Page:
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Imaginary Witness: Hollywood and the Holocaust (2004)

The history of Hollywood's handling of the Nazis and its later depiction of the Holocaust they perpetrated.

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Norma Barzman ...
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(archive footage)
Michael Berenbaum ...
Robert Berger ...
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(archive footage)
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(archive footage)
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(archive footage)
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(archive footage)
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Himself
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(archive footage)
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(archive footage)
Dan Curtis ...
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(archive footage)
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Storyline

Of recent historical events, few events have been so searing, and thus so difficult to depict faithfully both in nature and scope in film, than the Holocaust perpetrated by the Nazis. This film tells the story of Hollywood's approach to the subject, starting with its initial pre-war reluctance to alienate the lucrative German market. With World War II, and the discovery of the Nazi horrors, we follow Hollywood's reaction over the decades to the atrocity. Challenged with a tragedy that beggared the imagination of artists and audiences, Hollywood grew from trying to keep it in the abstract to striving to depict it head-on in ways that would be both truthful and respectful with the proper humanity. Written by Kenneth Chisholm (kchishol@rogers.com)

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Release Date:

25 December 2007 (USA)  »

Also Known As:

Fantastikos martyras: To Hollywood kai to Olokaftoma  »

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Box Office

Opening Weekend USA:

$2,880, 30 December 2007, Limited Release

Gross USA:

$21,507, 27 April 2008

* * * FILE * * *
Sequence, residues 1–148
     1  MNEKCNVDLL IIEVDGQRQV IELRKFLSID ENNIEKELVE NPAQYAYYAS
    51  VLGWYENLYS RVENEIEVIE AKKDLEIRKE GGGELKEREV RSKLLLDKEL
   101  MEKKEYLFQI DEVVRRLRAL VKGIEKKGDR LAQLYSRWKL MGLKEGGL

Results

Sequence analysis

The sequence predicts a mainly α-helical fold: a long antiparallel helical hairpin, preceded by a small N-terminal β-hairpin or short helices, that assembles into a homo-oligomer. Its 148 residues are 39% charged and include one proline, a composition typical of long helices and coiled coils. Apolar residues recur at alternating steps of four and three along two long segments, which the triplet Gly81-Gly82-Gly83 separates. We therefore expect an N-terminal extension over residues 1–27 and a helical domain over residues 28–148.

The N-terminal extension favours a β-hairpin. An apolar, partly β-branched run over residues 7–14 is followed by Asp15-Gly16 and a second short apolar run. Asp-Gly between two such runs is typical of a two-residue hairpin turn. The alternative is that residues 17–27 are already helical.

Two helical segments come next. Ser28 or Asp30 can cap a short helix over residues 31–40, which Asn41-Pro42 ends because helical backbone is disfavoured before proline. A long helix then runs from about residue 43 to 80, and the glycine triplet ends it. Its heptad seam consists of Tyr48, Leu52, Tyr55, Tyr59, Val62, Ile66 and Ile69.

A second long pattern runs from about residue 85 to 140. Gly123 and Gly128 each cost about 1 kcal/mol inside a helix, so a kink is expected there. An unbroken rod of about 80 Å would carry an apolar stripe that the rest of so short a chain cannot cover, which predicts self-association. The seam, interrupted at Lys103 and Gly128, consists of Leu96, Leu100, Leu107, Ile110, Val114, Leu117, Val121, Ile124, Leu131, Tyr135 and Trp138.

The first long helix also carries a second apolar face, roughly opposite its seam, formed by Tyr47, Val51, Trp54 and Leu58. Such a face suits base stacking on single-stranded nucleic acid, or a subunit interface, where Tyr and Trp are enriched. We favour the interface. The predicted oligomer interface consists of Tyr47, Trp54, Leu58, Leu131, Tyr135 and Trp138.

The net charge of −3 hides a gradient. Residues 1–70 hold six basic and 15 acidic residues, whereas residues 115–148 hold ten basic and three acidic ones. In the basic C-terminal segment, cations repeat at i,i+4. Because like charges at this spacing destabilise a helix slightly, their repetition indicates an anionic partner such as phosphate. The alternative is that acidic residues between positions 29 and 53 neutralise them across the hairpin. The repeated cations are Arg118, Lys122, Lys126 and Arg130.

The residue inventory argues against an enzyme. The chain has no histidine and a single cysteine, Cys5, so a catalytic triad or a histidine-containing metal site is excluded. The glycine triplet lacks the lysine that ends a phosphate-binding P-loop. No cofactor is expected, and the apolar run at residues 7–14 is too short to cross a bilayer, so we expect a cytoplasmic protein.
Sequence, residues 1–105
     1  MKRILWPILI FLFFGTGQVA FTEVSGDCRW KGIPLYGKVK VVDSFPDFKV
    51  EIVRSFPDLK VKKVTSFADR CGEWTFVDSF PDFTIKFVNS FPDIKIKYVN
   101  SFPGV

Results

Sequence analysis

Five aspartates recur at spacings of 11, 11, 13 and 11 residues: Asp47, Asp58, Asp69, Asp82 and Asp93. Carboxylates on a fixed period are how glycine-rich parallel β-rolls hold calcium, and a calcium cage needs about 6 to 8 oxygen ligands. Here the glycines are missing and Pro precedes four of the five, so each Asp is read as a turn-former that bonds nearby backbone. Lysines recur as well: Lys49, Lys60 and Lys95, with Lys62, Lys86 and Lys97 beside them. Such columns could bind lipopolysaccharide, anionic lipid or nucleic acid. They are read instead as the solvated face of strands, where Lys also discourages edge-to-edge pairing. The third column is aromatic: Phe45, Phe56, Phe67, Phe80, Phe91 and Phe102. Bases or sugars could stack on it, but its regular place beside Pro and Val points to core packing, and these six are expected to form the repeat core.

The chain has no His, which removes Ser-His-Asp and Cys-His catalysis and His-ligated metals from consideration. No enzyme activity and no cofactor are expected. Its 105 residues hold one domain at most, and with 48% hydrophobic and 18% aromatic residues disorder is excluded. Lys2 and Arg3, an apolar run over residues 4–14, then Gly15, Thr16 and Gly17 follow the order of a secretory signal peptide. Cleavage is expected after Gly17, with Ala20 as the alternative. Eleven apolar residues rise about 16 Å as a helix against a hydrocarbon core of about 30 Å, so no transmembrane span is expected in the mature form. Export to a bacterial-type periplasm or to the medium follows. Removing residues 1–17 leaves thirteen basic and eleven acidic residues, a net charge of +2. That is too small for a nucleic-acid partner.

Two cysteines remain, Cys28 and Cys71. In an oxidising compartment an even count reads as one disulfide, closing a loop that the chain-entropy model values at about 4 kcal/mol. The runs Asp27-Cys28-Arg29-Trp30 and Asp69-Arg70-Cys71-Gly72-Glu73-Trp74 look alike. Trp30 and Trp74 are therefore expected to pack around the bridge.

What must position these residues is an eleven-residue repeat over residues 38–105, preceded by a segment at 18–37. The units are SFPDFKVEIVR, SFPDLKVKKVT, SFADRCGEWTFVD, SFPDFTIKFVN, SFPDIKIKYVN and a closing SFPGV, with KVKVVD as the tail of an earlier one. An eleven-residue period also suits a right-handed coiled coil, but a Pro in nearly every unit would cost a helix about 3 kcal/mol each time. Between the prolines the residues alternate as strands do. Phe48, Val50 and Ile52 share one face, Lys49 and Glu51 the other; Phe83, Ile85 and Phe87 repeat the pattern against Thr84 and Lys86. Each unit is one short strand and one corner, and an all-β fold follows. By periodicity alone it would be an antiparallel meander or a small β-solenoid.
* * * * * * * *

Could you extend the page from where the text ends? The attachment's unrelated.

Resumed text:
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1.85 : 1
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[first lines]
Narrator: For over a half a century Hollywood films have dealt with Nazism and the Holocaust in complex and often contradictory ways. Marked by outrage and indifference, compassion and ignorance, the need to understand and the desire to forget. And yet while this most horrific chapter in modern world history happened far from America's shores, it has been American movies, perhaps more than any other medium, that have shaped how we understand and remember these events.
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Features Underground (1941) See more »

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User Reviews

 
An ineffable experience only understood by those that survived the camps.
6 February 2009 | by See all my reviews

An outstanding account of the atrocities that happened in Germany, and Hollywood's dealing with in in light of the makeup of Hollywood, the acceptable mores of the times, the House Un-American witch hunt, and other factors.

It was interesting that television led the way in presenting the Holocaust with a guest on "This is Your Life" being the first instance. After a weak Anne Frank movie, TV returns with Judgement at Nuremberg on "Playhouse 90" in 1959. The fact that one of the sponsors was The American Gas Company muted the effort.

But, Hollywood soon began to get it right. It was after The Holocaust, an 8 hour miniseries was aired and survivors began telling their stories.

How Hollywood handled this tragic part of history is an interesting story and part of a body of knowledge that will help in viewing these films.


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